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Refrigerant phase out could lead to huge carbon cuts

Australia could cut carbon emissions by seven per cent from the heating, ventilation, airconditioning and refrigerant industry alone if a move to phase out hydrofluorocarbons is realised, according to the Australian Refrigeration Association.

HFCs, commonly used in airconditioning, refrigeration and insulating foam production, have largely replaced the ozone depleting substances chlorofluorocarbons and hydrochlorofluorocarbons banned under the Montreal Protocol.

However, HFCs, while non-ozone depleting, are still powerful greenhouse gases with global warming potential many thousands of times greater than carbon dioxide. And they’re increasing. If not tackled, HFC emissions are set to double by 2020 and triple by 2030, and will account for 9-19 per cent of global emissions by 2050.

The Climate and Cleaner Air Coalition, an influential United Nations initiative that comprises 40 countries including Australia, the US, European Commission and Japan, has now put its weight behind a push for HFCs to be phased out through the Montreal Protocol, Australian Refrigeration Association president Tim Edwards told The Fifth Estate.

Australia seems set to respond, with foreign minister Julie Bishop today attending the Climate Leaders’ Summit in New York in lieu of Prime Minister Tony Abbott, and telling Fairfax Media the government would join a global declaration to phase out HFCs.

Huge climate benefits

The potential benefit of shifting from HFCs is significant. An article in The Economist found that the Montreal Protocol, while designed to tackle ozone depletion through the ban of CFCs and HCFCs, had also made the most significant, though unintended, contribution to tackling climate change of any climate policy ever put in place, with 135 billion tonnes of CO2 equivalent saved since its inception.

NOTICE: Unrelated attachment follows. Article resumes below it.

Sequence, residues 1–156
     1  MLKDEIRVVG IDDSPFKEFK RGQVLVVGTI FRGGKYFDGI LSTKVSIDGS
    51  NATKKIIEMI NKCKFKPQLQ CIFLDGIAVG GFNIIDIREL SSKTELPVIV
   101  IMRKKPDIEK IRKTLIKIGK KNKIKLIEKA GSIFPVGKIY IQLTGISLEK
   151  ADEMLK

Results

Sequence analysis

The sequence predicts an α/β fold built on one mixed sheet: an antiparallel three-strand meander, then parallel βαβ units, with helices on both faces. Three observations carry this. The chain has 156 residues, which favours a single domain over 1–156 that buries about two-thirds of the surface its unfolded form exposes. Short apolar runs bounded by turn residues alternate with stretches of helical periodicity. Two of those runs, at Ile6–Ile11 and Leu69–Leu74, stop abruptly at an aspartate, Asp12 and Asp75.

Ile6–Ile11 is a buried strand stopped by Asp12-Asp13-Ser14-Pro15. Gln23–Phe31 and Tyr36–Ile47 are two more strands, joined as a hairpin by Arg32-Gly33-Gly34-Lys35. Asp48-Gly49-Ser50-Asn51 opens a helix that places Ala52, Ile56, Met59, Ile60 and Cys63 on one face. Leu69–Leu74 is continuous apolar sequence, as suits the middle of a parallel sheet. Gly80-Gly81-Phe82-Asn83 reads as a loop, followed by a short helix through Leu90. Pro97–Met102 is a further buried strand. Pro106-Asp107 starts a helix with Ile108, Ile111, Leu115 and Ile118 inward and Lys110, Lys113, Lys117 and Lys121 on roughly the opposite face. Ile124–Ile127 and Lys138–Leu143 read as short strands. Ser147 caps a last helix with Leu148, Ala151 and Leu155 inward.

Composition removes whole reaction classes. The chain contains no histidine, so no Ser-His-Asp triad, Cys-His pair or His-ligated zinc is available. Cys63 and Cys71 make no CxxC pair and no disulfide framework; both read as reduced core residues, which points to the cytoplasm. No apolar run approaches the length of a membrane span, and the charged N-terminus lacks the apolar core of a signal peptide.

Tackling HFCs through the same protocol could see similar success, which in Australia could translate to a seven per cent cut in carbon emissions, dwarfing Australia’s current commitment of a five per cent cut in CO2 emissions by 2020 based on 2000 levels.

Mr Edwards said news like this never hit the headlines, largely because refrigerants were poorly understood – “the alphabet soup of the industry”.

Action already being taken

Other nations are already taking unilateral action. The EU has legislated for a HFC phase out by 2030 and the US last week announced executive actions and private sector commitments that would reduce HFC use equivalent to 700 million tonnes of CO2 by 2025. As part of the executive actions, the US Department of Energy announced new funding for research and development into next generation, efficient cooling technologies, including HVAC technologies that use alternative refrigerants and those that move beyond using refrigerants altogether.

Meanwhile members of the Consumer Goods Forum, comprising 400 of the world’s largest retailers, manufacturers and service providers with annual revenues of $3.5 billion, including companies like Woolworths, Tesco and Walmart, have also pledged to phase out HFCs from next year.

UN Secretary-General Ban Ki-moon has indicated his support, releasing a statement last week on the Montreal Protocol and urging countries to take inspiration from the protocol’s success in preserving the ozone layer and apply it to the climate change fight.

“The Montreal Protocol has shown that decisive action by the international community, including the private sector, can achieve transformative results for the common good,” he said. “Let us learn from this example and apply its lesson to the urgent task of addressing the climate challenge.”